It has been two years since and no news from SBS Transit, or SMRT, about its decision. So, the status quo remains – no concessions for the disabled.

In the meantime, the CEOs of the Public Transport Operators (PTOs), which seek to impose ever-higher fares on commuters every year, are paid record-breaking remuneration.

SMRT’s CEO Saw Phaik Hwa, for example, is the highest-ever paid SMRT CEO the company has employed. This despite all the problems faced by commuters in the last few years.

In 2009, she was paid S$1.67 million.

In 2010, she was paid S$1.85 million. Read More…

The blandness of sameness in the estates

Walking around the heartlands now, you can’t help but feel one thing – they all look and feel the same. There is this monotonous drabness about them. The same designed HDB flats, the same playgrounds, the same shops, the same estate centres, the same shopping malls with the same kinds of shops selling the same kinds of stuff. You have the same food outlets, the same foodcourts, the same restaurants. The only places which are different and unique with their own ambience would be places like Little India, Chinatown and perhaps the eastern part of Singapore.

Everywhere else, they are all the same.

Sameness is the one thing which kills creativity and inspiration – the two things we desperately need in this city which rushes head-on, sometimes blindly, into materialism and mediocrity. Whoever plans our towns seems to use the same blueprint for each one. As a result, at times I mistake a location for another because they are so similar.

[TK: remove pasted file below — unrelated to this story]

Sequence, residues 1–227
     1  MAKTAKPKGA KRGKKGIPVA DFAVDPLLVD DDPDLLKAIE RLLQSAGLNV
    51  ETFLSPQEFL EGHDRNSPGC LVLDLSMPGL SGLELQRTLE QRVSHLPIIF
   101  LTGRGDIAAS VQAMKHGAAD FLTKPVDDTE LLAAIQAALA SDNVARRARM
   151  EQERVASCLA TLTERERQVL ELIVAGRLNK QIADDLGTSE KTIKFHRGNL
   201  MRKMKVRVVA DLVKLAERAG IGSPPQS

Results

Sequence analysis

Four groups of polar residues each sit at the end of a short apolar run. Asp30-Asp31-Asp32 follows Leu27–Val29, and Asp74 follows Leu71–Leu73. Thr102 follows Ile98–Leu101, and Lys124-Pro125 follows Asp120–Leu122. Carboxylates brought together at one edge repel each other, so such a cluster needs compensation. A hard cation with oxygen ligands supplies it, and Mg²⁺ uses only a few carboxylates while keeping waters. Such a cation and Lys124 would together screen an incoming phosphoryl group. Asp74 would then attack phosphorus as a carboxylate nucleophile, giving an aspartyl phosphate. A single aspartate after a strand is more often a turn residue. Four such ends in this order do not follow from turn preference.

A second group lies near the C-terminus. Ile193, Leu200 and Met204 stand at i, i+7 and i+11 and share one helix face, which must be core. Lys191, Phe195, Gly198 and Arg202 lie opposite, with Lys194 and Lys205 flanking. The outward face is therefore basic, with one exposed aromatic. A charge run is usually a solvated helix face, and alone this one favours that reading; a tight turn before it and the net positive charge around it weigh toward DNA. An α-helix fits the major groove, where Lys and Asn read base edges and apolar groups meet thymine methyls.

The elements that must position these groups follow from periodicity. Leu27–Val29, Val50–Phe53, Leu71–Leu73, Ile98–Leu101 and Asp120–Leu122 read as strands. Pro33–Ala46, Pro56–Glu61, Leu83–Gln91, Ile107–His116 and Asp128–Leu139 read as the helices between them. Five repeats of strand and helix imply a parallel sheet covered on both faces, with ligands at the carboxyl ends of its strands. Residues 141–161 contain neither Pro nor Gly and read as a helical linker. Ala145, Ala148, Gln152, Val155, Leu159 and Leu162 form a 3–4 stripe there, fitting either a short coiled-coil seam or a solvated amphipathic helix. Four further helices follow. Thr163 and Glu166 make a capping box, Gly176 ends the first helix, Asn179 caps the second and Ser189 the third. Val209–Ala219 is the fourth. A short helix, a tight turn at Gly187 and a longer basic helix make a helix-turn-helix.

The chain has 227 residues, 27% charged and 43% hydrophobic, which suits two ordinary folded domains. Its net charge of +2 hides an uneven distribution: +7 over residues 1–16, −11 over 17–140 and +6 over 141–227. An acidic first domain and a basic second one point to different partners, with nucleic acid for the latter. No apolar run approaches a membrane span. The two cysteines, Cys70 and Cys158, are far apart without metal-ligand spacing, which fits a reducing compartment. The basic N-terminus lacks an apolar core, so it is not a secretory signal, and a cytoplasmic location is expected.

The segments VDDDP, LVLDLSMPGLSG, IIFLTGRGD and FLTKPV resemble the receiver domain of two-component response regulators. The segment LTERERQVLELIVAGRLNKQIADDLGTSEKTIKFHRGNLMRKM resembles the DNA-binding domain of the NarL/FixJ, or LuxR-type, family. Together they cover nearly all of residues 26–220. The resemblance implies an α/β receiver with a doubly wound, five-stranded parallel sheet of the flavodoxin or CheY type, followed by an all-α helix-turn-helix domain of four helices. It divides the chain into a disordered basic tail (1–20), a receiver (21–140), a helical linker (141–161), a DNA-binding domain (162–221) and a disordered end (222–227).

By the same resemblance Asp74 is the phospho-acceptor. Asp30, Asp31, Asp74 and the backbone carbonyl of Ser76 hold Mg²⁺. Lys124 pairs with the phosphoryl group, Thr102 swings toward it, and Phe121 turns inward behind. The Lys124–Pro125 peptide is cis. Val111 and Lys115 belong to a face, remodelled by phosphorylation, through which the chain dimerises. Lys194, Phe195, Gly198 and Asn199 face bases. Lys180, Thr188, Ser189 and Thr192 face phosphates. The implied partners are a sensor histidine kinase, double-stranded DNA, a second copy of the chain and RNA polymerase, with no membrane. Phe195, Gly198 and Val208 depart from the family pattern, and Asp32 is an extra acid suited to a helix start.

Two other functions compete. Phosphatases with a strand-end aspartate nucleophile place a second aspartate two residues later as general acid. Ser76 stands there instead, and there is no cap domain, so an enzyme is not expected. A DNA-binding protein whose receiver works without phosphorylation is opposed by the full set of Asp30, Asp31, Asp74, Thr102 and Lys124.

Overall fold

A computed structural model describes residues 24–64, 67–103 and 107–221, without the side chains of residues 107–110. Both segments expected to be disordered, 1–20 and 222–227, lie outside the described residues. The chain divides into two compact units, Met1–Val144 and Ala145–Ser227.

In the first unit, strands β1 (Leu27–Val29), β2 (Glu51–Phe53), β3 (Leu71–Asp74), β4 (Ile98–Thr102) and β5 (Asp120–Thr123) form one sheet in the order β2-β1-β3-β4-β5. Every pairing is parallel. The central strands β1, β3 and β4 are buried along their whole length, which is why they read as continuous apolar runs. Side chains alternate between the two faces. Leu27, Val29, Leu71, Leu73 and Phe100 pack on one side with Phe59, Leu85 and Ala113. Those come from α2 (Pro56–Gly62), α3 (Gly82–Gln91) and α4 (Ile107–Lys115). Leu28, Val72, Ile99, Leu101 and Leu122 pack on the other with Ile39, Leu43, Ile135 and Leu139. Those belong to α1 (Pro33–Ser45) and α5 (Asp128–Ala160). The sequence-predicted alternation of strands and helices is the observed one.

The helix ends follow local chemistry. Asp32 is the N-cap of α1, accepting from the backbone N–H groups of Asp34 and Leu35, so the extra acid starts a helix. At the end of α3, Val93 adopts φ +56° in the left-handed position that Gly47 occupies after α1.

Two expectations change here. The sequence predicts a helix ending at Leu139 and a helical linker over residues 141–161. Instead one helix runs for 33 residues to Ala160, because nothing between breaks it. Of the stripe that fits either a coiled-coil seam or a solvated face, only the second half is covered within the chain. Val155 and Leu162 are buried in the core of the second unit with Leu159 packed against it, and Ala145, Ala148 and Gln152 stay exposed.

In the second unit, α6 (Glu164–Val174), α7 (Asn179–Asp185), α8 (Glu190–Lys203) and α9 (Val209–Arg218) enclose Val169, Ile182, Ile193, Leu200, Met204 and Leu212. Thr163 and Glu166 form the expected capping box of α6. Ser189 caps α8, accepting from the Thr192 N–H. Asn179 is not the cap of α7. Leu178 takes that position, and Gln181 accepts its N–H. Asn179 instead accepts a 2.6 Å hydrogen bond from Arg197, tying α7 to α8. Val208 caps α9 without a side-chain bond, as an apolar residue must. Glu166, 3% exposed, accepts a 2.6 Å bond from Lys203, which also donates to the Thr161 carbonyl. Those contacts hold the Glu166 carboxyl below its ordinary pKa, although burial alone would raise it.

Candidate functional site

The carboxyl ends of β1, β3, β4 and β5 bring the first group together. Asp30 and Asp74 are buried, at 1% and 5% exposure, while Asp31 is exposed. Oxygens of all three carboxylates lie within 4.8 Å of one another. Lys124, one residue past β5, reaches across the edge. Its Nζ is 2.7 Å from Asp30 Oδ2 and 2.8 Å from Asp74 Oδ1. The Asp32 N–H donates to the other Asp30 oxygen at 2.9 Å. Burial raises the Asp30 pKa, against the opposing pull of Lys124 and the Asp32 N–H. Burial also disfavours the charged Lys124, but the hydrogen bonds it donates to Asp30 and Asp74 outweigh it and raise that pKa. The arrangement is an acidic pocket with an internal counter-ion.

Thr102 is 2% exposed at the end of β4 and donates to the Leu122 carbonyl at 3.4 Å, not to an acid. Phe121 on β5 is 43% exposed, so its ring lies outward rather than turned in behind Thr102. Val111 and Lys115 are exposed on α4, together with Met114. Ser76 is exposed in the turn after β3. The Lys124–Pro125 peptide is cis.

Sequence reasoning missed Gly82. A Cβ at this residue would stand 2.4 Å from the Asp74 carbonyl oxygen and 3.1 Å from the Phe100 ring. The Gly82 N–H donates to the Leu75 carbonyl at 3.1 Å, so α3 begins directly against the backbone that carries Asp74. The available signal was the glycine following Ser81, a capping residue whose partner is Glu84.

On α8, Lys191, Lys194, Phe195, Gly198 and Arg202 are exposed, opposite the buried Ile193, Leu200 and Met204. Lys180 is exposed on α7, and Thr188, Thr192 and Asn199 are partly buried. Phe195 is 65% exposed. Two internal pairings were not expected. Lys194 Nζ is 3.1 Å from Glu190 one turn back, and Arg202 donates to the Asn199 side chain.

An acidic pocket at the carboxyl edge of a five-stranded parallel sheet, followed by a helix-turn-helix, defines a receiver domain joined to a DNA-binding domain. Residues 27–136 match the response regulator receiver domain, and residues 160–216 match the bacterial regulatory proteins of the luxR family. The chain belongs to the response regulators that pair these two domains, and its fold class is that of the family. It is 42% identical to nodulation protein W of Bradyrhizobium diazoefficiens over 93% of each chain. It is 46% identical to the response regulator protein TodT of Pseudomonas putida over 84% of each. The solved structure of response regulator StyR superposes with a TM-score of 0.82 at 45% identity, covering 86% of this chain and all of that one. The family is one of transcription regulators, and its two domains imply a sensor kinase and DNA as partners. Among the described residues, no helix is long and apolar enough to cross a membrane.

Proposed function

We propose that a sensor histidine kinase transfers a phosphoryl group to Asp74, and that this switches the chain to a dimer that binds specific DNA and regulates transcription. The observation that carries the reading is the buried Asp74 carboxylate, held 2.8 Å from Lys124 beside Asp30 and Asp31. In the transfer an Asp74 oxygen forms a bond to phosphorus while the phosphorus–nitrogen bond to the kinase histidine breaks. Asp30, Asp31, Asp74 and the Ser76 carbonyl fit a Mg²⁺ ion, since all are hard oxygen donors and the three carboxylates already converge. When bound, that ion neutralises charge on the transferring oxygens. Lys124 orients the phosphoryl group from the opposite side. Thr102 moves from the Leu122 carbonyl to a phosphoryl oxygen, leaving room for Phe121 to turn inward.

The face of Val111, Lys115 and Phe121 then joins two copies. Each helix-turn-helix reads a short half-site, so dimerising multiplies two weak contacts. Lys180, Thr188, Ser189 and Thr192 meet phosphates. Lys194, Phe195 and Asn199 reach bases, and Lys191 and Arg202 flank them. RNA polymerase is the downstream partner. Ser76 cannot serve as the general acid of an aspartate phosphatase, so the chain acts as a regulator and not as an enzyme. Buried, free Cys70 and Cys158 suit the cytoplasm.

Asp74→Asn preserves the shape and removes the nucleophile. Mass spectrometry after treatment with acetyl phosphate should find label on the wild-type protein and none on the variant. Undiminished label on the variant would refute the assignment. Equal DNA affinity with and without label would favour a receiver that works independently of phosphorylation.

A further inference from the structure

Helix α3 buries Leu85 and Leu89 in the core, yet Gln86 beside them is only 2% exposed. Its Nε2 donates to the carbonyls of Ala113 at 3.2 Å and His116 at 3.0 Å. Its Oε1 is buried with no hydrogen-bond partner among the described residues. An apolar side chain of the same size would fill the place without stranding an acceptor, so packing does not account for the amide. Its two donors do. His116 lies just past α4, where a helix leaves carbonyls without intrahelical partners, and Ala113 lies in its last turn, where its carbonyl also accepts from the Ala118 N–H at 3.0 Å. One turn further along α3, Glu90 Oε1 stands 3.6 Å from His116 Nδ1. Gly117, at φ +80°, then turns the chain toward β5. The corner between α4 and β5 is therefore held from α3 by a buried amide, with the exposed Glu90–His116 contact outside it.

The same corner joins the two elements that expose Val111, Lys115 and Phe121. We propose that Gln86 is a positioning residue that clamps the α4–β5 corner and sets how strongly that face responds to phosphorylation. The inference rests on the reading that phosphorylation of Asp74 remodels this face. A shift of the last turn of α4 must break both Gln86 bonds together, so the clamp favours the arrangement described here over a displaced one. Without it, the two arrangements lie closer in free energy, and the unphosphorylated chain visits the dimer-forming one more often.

I would have thought that having elected our Members of Parliament, they would have different ideas and plans for the towns they are in charge of. But the bottomline consideration of “economies of scale” have resulted in the towns run by the same party all end up looking just like the other. It is cheaper to just replicate one plan for all the estates, I guess. It is also a lazy way of doing things. Read More…

Elderly in foreign nursing homes – something is not right

Would just like to add more thoughts to the article I wrote for Yahoo: “Singaporeans dying away from home”.

It is an emotional issue. There is no doubt about this. After all, we are talking about the elderly who could be our parents and grandparents. And no one in his right mind would want to see them packed off to a foreign land to live their last days. Unconscionable is the right word to use.

In the words of former Minister for Health, Khaw Boon Wan: “Many other sins you can plead to your God and say, sorry, I repent … But lack of filial piety, dumping your parents is inexcusable. Straight down to the 18th level of hell!”

But filial piety aside, the issue is of course a serious one.

Singapore’s budget on healthcare as a percentage of GDP has been between 2 to 4 per cent. Here isWikipedia’s run-run-down of some countries’ healthcare spending (2006/2007) for comparison.

Singapore’s budget in 2006 was a mere 3.3 per cent.

In 2009, it was 3.9 per cent. (See MOH website.)

Countries in the first-world league seem to spend more, according to the Wikipedia list. Read More…

Singaporeans dying away from home

Excerpts from my latest article for Yahoo:

As we left them and the home, I wonder how many Singaporeans — after having served and contributed to the country — would end up in homes such as this one abroad simply because they would not be able to afford to stay in nursing homes in their own country.